Stop Fawning Over Male Feminists

Stop Fawning Over Male Feminists


If you've been immersed in the feminist sphere of the Internet for a while, you know how this goes already. An attractive, heterosexual male celebrity declares himself a feminist. Like clockwork, the feminist blogosphere whips itself up into a lather to heap praise upon this "evolved" man.

Joseph Gordon-Levitt's admission into the feminist fold last week is only one of the most recent examples of men celebrated for taking on the mantle of feminism and making the cause "look good." Other recent examples include John Legend, as well as more questionable mentions like Robin Thicke who defended his controversial song "Blurred Lines" as the beginning of a "feminist movement." We are far too eager to heap praise on men just for claiming the label "feminist," even if they don't follow through with action to challenge the larger sexist culture.

Our tendency to take men at their word, instead of examining their actions and history, allows them to dodge accountability. Perhaps the most famous example of this is the enabling of self-proclaimed "male feminist" Hugo Schwyzer, despite his constant silencing of feminists of color who brought up his history of abuse. As a white heterosexual man, his narrative of redemption was simply accepted at face value by liberal white feminists. Only when revelations broke that he had been sleeping with his students and had no credentials to teach gender studies was he finally discredited by the white feminist blogosphere.

Even when men have carved off their own spaces to explore feminist politics, these attempts have turned sour. In her investigation of the Good Men Project, PolicyMic pundit Liz Hall Magill examined how the Good Men Project transformed from a space to discuss positive performances of masculinity to a hotbed of rape apologism. The GMP's downturn even inspired a parody Twitter account:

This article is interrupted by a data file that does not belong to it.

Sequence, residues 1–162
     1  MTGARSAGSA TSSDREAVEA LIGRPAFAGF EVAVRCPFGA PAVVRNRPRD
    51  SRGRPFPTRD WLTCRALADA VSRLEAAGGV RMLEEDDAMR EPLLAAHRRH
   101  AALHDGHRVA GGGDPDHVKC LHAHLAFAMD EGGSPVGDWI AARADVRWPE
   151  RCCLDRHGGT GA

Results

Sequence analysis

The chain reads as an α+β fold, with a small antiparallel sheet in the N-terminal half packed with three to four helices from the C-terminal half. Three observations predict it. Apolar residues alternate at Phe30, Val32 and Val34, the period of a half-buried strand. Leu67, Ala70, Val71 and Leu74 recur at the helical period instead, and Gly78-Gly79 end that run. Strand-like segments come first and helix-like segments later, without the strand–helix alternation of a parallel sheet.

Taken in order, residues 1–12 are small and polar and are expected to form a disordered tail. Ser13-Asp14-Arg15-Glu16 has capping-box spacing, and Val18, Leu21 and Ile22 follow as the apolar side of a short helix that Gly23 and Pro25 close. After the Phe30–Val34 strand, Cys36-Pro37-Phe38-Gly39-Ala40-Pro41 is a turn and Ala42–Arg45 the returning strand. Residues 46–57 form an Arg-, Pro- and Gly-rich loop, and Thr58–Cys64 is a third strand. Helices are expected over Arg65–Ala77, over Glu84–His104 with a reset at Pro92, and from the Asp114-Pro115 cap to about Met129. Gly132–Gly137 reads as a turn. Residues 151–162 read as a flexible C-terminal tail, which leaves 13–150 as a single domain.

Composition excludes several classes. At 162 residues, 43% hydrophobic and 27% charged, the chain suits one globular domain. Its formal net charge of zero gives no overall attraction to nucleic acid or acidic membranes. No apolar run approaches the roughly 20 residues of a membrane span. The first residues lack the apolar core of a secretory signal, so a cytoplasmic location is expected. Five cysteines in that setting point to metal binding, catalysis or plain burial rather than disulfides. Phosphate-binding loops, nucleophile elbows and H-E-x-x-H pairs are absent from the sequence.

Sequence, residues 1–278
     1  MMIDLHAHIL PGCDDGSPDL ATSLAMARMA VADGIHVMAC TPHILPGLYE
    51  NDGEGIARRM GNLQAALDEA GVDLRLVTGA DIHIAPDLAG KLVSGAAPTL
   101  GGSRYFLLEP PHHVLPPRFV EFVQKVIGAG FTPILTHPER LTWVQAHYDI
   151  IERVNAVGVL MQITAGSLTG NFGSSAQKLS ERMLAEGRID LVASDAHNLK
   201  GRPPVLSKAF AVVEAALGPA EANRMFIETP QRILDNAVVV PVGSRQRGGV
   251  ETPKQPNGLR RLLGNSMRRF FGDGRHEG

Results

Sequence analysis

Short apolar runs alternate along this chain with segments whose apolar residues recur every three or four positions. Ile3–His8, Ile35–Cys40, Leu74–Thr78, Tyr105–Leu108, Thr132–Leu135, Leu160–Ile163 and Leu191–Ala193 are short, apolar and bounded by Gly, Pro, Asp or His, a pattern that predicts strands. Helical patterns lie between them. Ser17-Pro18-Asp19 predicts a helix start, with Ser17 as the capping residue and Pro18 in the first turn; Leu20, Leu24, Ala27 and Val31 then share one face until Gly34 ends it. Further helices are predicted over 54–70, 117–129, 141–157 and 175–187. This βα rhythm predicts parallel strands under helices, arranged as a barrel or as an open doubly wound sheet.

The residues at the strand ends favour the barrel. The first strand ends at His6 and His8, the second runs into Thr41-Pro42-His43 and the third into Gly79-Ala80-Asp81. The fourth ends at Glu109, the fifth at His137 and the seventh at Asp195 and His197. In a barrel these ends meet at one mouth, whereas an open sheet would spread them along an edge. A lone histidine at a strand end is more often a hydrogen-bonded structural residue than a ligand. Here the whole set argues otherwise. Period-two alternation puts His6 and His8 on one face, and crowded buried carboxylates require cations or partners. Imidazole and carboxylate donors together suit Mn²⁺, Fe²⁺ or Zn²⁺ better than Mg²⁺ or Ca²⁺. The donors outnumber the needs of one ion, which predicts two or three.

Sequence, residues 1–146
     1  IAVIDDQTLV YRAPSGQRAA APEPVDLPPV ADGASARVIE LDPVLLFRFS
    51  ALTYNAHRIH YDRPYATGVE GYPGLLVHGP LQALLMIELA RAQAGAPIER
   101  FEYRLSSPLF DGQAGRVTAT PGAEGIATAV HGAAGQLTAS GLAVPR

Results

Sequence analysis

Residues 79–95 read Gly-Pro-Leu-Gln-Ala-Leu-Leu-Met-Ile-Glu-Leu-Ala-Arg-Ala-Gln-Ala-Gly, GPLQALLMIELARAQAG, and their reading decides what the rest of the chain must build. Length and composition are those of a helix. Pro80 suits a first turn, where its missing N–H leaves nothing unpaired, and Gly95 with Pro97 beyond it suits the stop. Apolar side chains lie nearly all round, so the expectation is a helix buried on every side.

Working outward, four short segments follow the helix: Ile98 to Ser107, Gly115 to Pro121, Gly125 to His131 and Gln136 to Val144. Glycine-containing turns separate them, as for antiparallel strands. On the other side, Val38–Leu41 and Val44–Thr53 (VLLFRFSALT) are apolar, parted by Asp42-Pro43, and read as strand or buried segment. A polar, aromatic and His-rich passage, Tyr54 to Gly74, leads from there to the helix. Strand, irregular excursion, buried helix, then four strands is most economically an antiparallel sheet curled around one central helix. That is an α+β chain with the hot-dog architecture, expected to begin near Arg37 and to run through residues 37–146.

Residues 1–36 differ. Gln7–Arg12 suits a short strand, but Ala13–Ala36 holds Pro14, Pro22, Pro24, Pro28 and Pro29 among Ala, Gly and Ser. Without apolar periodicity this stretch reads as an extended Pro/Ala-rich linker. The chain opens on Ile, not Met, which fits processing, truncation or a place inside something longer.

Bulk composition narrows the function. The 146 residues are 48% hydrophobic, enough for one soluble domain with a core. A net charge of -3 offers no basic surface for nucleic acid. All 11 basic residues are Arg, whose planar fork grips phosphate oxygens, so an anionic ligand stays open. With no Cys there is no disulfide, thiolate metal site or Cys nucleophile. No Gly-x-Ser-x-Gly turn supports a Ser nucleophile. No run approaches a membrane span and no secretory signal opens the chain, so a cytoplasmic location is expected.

As Minh Nguyen observed in a guest blog for the author Kiese Laymon's website, Cold Drank, self-declared "liberal" men seem to be very good at chattering off platitudes that seem vaguely feminist because they see it as a passcode to get laid. Nguyen writes:

But confusingly, misogynists are sometimes men who speak softly and eat vegan and say "a woman's sexual freedom is an essential component to her liberation. So come here." It's a tricky world out there. And while I'd prefer a critical approach to gender from men I elect, read and even bed, in my experience, the so-called feminist men I've met deep down have not been less antagonistic or bigoted toward women. What I see over and over again is misogyny in sheep's clothing, and at this point, I would rather see wolves as wolves.

Of course there are male feminists who are well-intentioned and just as deeply feminist as any female devoted to the movement, but we could do well to be more skeptical of our immediate cultural adulation of men who do nothing more than proclaim to be feminists. As much as we may idealistically wish for men to understand that gender roles are restricting for them as well, far too many men are comfortable with the status quo from which they considerably benefit. Heterosexual men who have internalized feminist politics are, sadly, few and far in between. We still live in a society where we're more likely to be mansplained at than listened to.    


Liberal white feminists' overwhelming focus on recruiting heterosexual men who refuse to interrogate their privilege ends up centering feminism on men's approval of us. We need to have spaces where we can address the needs of our movement without falling into the patterns of ceding space in conversations to men. We need to continue working toward a feminist praxis that includes an active engagement with the ways we replicate oppression by privileging white men's voices and perspectives over the voices of women of color.

Our activist energy is a precious resource, and we could be channeling it towards issues more deserving of our attention. And if there are men who earnestly want to help work toward addressing these issues with us? Great! But recruiting men just so feminism can have a larger head count? That's something that should be left in 2013.

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Cassandra Leveille

I graduated from Ithaca College in 2011 with a B.A. in Writing. While there, I obsessed over sustaining local cultures, composting, and intersectional feminist politics. I currently live on the North Shore of Long Island (if you were wondering, it's exactly like The Great Gatsby) and I'm currently plotting my big-city dreams/exit strategy.

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